Additional information regarding all three exhibitions and accompanying programming, as well as the Pulitzer’s expansion project, will be announced in early fall 2014.

About Pulitzer Arts Foundation
Pulitzer Arts Foundation provides an intimate space for interdisciplinary collaboration and community engagement that focuses on the intersection of visual and other art, as well as design. A non-collecting institution, the Pulitzer is committed to pushing the boundaries of the traditional arts encounter and providing its audiences with new and unexpected arts experiences. Founded by curator, philanthropist, and arts patron Emily Rauh Pulitzer in 2001, the Pulitzer presents a highly varied program that invites visitors to think differently about art and its relationship to other disciplines and daily life. As part of its continued support of Grand Center’s revitalization and its vision to serve as a cultural destination for the St. Louis community, the Pulitzer brings together a diverse range of innovators, including artists, curators, and community partners, as its collaborators. Housed in a Tadao Ando-designed building, the Pulitzer offers visitors an evolving viewing experience, as it blends indoor and outdoor spaces enlivened by natural light.

In August 2014, the Pulitzer will launch the first major alteration to the building since its opening. The Pulitzer is repurposing office and storage spaces in its lower level to add 3,600 square feet of public space to the current 6,800 square feet of existing galleries. This expansion will enable the Pulitzer to present concurrent exhibitions for the first time in its history, extend its curatorial and public program, and explore a broader range of collaborations.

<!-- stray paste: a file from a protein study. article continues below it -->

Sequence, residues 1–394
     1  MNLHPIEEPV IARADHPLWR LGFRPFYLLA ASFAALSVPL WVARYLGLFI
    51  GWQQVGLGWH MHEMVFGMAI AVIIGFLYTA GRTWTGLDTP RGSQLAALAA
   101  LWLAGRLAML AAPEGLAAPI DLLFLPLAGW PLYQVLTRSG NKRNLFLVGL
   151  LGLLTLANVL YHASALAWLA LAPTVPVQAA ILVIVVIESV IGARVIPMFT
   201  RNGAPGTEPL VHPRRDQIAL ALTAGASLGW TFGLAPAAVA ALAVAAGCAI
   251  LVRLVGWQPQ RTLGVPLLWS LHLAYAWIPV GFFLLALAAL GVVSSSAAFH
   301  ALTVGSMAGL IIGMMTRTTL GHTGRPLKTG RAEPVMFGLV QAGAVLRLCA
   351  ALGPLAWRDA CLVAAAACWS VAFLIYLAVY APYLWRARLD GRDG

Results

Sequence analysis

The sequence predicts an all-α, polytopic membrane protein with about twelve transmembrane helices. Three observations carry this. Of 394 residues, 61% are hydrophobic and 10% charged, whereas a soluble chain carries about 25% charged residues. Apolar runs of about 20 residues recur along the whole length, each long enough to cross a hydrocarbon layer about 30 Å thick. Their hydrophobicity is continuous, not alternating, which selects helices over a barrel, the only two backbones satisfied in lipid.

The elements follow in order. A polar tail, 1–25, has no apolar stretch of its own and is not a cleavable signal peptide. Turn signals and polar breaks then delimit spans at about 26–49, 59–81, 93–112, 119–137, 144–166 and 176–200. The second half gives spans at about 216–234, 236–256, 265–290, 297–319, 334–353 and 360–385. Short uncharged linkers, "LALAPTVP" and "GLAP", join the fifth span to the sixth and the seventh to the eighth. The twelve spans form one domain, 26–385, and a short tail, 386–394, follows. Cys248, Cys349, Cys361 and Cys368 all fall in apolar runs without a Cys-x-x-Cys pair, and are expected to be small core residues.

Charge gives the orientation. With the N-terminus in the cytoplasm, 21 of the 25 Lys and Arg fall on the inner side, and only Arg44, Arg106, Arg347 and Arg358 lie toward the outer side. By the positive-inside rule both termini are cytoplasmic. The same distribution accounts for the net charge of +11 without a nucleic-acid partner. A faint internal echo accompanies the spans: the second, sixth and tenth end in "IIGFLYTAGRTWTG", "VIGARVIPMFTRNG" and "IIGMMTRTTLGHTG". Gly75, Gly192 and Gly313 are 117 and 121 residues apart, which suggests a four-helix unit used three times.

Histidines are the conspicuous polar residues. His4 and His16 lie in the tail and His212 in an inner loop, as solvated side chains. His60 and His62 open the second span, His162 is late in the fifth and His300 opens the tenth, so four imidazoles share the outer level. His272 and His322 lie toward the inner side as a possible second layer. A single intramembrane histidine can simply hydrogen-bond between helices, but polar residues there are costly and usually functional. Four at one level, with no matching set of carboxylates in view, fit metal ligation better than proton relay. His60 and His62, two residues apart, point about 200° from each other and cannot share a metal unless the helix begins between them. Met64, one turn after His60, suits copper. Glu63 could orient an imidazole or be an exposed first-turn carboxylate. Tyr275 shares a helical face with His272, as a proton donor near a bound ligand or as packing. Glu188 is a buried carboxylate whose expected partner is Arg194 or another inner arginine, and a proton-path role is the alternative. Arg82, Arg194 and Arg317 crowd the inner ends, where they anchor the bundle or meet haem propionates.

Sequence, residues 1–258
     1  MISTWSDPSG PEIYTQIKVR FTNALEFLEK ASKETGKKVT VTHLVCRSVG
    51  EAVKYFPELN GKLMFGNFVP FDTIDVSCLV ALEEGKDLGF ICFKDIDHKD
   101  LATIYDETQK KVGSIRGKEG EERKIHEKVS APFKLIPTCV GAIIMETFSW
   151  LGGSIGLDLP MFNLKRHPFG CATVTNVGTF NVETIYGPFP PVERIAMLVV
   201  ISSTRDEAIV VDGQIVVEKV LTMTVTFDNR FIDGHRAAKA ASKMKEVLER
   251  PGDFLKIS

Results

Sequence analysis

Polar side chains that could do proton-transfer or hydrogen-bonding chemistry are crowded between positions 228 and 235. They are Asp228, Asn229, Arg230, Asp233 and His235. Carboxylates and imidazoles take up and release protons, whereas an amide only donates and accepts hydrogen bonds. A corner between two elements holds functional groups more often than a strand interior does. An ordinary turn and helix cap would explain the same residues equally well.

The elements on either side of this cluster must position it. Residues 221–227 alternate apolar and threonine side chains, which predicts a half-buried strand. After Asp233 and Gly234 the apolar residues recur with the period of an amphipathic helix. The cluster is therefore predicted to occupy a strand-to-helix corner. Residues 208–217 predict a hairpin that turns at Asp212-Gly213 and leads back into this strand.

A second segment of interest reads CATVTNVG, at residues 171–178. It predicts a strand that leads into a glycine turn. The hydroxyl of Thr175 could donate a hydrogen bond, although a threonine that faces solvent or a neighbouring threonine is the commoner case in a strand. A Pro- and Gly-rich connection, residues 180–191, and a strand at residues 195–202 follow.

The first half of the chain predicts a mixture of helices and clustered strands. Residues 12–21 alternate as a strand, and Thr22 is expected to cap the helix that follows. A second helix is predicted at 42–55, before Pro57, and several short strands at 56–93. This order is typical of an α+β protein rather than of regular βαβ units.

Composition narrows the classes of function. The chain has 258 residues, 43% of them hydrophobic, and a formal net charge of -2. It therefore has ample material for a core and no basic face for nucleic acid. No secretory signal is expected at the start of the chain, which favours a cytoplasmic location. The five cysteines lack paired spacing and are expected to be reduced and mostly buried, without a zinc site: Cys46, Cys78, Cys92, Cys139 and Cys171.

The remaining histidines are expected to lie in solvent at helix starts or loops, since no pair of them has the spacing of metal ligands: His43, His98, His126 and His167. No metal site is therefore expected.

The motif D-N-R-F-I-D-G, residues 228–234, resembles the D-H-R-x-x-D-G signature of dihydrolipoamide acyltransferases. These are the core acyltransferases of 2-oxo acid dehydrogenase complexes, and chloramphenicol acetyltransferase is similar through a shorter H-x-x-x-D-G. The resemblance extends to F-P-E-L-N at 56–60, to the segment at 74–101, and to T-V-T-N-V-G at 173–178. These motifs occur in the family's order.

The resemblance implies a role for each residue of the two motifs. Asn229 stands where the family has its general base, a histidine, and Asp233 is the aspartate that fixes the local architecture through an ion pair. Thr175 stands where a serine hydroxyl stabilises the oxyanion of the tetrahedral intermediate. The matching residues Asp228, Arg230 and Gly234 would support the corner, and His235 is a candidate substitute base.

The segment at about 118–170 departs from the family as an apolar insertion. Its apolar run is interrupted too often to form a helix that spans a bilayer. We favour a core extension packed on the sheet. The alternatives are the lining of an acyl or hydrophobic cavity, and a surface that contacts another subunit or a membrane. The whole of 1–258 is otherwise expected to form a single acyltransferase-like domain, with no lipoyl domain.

The Pulitzer is free and open to the public. Normal gallery hours are Wednesdays from noon to 5 p.m. and Saturdays from 10 a.m. to 5 p.m.; the Pulitzer is frequently open for extended hours to support its programming and events. For more information, visit www.pulitzerarts.org or call 314.754.1850.

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For further information, please contact:

Sara Griffin / Alina Sumajin
Resnicow Schroeder Associates
212-671- 5169 / 212-671-5155
sgriffin / asumajin@resnicowschroeder.com

Katie Hasler Peissig
Manager of Communications
Pulitzer Arts Foundation
314-446-2053
khasler@pulitzerarts.org